Transitioning people off Accuretic

5 minutes to Read
Dr Noni Richards
4 July 2022
Quinapril image

The antihypertensive medicine Accuretic (quinapril with hydrochlorothiazide) is being withdrawn and prescribers are advised to change patients from Accuretic to alternative medicine(s) with some urgency.

Pfizer pulled stock from distribution on 31 October 2022.

Accuretic is being withdrawn

Accuretic (quinapril 10mg + hydrochlorothiazide 12.5mg and quinapril 20mg + hydrochlorothiazide 12.5mg) is indicated in New Zealand for the treatment of hypertension in patients not adequately controlled with monotherapy.

Pfizer test results have identified the levels of N-nitroso-quinapril exceed the acceptable daily intake (ADI) level in their Accuretic products. This is a global issue, with voluntary recalls happening in other countries, including in Australia, Europe, the US, and Canada. Medsafe has issued a safety alert and Pharmac has advised prescribers to stop prescribing Accuretic and to urgently switch patients currently taking Accuretic to alternative options.

At the time of publishing, in New Zealand 35,077 people were taking Accuretic: 23,825 patients were taking Accuretic (20mg + 12.5mg) and 11,252 were taking Accuretic (10mg + 12.5mg). Almost all practices in New Zealand (98 per cent) had at least one enrolled patient taking Accuretic.

N-Nitroso-quinapril is a nitrosamine. Nitrosamines can be found in water and foods, including cured and grilled meats, dairy products and vegetables and are classified as probable human carcinogens (substances that could cause cancer). Nitrosamine impurities may increase the risk of cancer if people are exposed to them above acceptable levels over long periods of time.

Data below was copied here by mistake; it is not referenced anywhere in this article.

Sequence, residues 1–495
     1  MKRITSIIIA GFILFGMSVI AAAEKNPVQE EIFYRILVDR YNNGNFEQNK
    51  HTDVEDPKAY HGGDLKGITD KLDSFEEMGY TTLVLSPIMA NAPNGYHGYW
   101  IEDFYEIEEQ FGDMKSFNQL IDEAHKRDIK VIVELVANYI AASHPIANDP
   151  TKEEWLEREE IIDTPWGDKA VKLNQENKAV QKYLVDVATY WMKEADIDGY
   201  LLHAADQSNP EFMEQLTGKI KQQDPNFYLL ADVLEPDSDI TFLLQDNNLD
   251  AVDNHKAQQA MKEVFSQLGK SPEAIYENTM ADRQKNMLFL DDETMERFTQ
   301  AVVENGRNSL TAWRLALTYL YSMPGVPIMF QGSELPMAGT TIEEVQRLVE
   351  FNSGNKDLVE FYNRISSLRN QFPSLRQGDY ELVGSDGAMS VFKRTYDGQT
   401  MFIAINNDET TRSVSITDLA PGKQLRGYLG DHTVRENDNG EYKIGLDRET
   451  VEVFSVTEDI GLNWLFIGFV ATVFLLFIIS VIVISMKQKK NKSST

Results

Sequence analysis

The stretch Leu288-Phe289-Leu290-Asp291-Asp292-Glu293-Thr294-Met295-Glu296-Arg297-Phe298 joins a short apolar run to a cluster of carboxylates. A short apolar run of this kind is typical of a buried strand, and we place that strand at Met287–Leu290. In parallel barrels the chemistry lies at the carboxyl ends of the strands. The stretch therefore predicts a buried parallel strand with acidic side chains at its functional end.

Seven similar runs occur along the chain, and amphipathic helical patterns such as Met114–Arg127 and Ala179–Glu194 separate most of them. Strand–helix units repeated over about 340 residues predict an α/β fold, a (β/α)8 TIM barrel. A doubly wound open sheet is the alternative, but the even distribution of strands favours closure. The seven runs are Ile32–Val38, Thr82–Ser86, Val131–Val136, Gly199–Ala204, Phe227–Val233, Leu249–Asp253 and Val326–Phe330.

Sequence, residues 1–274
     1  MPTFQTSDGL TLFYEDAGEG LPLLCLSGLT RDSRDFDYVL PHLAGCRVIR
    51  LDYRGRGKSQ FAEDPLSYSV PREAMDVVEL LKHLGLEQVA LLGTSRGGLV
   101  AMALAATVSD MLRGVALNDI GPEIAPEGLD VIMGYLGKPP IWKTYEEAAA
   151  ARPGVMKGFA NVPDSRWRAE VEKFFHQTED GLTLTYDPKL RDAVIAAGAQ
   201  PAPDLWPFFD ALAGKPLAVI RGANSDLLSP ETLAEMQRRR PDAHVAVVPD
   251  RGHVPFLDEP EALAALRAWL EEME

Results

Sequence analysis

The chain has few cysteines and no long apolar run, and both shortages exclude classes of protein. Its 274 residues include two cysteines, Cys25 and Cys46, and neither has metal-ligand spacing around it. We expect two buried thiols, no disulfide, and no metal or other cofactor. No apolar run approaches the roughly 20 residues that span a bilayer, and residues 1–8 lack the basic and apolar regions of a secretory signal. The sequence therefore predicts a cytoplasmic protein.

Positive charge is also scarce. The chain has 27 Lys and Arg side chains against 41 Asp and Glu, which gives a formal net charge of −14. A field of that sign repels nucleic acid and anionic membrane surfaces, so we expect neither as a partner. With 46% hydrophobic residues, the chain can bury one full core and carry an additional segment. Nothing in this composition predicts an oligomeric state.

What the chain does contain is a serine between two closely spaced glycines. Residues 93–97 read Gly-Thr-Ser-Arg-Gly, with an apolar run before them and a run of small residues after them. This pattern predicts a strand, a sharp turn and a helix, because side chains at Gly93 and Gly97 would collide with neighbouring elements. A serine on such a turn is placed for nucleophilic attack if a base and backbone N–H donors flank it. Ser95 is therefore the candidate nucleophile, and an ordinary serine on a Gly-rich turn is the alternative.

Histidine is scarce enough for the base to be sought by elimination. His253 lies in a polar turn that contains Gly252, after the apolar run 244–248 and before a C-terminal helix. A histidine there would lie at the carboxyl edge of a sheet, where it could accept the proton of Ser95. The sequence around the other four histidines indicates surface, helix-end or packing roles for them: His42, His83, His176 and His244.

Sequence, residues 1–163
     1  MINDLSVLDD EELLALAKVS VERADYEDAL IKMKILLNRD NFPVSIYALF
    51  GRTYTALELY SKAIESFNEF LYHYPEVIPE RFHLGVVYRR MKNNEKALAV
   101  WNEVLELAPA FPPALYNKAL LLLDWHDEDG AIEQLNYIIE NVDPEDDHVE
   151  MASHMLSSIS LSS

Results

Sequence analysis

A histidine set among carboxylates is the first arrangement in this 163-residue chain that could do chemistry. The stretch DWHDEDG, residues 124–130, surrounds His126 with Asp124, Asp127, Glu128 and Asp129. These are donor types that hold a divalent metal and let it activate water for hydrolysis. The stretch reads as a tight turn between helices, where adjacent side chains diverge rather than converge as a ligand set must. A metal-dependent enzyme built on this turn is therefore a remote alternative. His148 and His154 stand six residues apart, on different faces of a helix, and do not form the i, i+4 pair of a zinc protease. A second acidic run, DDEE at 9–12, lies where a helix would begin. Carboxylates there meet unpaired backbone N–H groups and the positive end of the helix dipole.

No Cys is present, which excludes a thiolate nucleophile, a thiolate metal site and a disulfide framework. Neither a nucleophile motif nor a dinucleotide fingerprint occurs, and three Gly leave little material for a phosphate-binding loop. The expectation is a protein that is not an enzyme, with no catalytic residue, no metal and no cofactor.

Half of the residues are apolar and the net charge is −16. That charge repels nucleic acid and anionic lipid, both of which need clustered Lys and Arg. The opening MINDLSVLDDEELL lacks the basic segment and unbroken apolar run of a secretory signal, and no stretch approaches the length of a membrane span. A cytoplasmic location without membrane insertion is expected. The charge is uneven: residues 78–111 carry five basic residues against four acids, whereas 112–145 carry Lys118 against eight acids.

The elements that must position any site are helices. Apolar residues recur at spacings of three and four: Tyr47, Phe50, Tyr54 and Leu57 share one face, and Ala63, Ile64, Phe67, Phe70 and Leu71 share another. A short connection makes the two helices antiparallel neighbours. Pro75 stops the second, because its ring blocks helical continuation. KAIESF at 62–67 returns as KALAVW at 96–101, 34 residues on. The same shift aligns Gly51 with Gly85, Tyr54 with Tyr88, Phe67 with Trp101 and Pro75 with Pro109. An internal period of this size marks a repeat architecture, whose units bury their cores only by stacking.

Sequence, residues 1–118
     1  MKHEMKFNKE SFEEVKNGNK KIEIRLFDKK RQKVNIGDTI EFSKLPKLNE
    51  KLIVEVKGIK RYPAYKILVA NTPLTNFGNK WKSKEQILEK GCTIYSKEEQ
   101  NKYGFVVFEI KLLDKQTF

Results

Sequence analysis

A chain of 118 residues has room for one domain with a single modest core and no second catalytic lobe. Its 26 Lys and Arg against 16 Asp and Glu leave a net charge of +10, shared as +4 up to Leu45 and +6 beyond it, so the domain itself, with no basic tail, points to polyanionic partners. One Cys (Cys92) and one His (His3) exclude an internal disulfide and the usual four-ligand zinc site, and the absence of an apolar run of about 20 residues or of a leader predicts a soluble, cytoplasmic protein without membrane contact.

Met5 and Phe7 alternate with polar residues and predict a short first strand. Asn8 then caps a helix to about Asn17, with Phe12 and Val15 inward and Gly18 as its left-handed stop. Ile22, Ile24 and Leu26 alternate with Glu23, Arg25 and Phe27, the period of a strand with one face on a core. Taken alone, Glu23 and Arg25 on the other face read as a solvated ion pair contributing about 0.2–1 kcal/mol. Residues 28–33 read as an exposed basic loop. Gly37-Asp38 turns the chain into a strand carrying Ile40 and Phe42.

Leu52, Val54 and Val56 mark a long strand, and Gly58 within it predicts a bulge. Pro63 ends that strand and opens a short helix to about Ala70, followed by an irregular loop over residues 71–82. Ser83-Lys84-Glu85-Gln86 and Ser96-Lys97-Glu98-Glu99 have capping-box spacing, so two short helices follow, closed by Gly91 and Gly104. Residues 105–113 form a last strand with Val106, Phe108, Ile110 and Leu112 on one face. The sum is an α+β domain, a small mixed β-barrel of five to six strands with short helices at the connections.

For this reason, Pharmac is advising prescribers to:

  • Not start any new patients on Accuretic.
  • Urgently switch patients currently taking Accuretic to an alternative ACE inhibitor/angiotensin II receptor blocker (ACEI/ARB) or an alternative blood pressure-lowering medicine.

Current supplies of Accuretic will begin to be disrupted from August 2022, therefore this switch is required as soon as possible. Once supplies of Accuretic are exhausted, it is unlikely to be available again for at least 12 months. People currently taking Accuretic must continue taking it until an alternative has been prescribed, as the risk of suddenly stopping medication for blood pressure is higher than the potential risk presented by the impurity.

Switching advice

A straight switch from Accuretic to another brand of quinapril + hydrochlorothiazide is not possible as no other combined tablet is available in New Zealand. Although the single agent quinapril tablet remains available, and has not been affected by the Accuretic impurity, hydrochlorothiazide is not available here as a single agent to use alongside it.

Therefore, alternative fully funded options to Accuretic include a combination ARB + hydrochlorothiazide, OR quinapril (single agent) or another ACEI/ARB used in combination with a different thiazide or thiazide-like diuretic. Current options for switching from Accuretic to other agent(s) are:

  • losartan + hydrochlorothiazide – this is the only alternative funded ACEI/ARB + thiazide diuretic combination available
  • quinapril (single agent) or another ACEI/ARB, in combination with a thiazide or thiazide-like diuretic such as bendroflumethiazide
  • alternative blood-pressure-lowering medicine(s).

It is possible to discontinue an ACEI one day and start another ACEI or ARB the following day.2 This is also true for changing a thiazide diuretic.

Examples of each of these three options are given in the coloured panels below.

Changing from Accuretic to losartan + hydrochlorothiazide

This may be the easiest option for the patient as it enables the continuation of treatment with a single tablet.

In this combination product the dose of hydrochlorothiazide is the same as in the Accuretic formulations, but only one strength of losartan is currently available (ie, losartan 50mg + hydrochlorothiazide 12.5mg). Refer to Table 1, below, for dose equivalence of losartan to quinapril.